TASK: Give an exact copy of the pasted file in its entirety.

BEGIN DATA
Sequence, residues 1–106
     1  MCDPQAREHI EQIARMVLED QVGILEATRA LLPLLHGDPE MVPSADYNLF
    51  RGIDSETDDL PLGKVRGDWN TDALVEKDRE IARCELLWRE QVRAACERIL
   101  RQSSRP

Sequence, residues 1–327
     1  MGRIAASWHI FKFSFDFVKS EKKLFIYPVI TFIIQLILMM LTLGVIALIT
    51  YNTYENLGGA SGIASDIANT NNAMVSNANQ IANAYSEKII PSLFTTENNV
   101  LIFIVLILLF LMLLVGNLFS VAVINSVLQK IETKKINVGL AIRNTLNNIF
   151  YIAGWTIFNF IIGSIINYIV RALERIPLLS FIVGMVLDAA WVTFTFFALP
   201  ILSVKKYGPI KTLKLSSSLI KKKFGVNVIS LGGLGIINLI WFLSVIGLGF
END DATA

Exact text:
Sequence, residues 1–106
     1  MCDPQAREHI EQIARMVLED QVGILEATRA LLPLLHGDPE MVPSADYNLF
    51  RGIDSETDDL PLGKVRGDWN TDALVEKDRE IARCELLWRE QVRAACERIL
   101  RQSSRP

Sequence, residues 1–327
     1  MGRIAASWHI FKFSFDFVKS EKKLFIYPVI TFIIQLILMM LTLGVIALIT
    51  YNTYENLGGA SGIASDIANT NNAMVSNANQ IANAYSEKII PSLFTTENNV
   101  LIFIVLILLF LMLLVGNLFS VAVINSVLQK IETKKINVGL AIRNTLNNIF
   151  YIAGWTIFNF IIGSIINYIV RALERIPLLS FIVGMVLDAA WVTFTFFALP
   201  ILSVKKYGPI KTLKLSSSLI KKKFGVNVIS LGGLGIINLI WFLSVIGLGF